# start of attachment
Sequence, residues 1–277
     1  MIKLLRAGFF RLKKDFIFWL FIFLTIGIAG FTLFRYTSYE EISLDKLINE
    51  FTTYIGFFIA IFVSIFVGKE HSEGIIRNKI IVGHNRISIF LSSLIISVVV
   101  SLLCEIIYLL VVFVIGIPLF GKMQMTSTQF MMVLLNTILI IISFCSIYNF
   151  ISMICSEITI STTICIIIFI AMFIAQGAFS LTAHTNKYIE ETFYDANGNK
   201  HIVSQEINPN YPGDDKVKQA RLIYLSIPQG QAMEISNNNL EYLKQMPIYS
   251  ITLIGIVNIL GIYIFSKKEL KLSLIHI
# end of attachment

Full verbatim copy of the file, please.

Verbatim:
Sequence, residues 1–277
     1  MIKLLRAGFF RLKKDFIFWL FIFLTIGIAG FTLFRYTSYE EISLDKLINE
    51  FTTYIGFFIA IFVSIFVGKE HSEGIIRNKI IVGHNRISIF LSSLIISVVV
   101  SLLCEIIYLL VVFVIGIPLF GKMQMTSTQF MMVLLNTILI IISFCSIYNF
   151  ISMICSEITI STTICIIIFI AMFIAQGAFS LTAHTNKYIE ETFYDANGNK
   201  HIVSQEINPN YPGDDKVKQA RLIYLSIPQG QAMEISNNNL EYLKQMPIYS
   251  ITLIGIVNIL GIYIFSKKEL KLSLIHI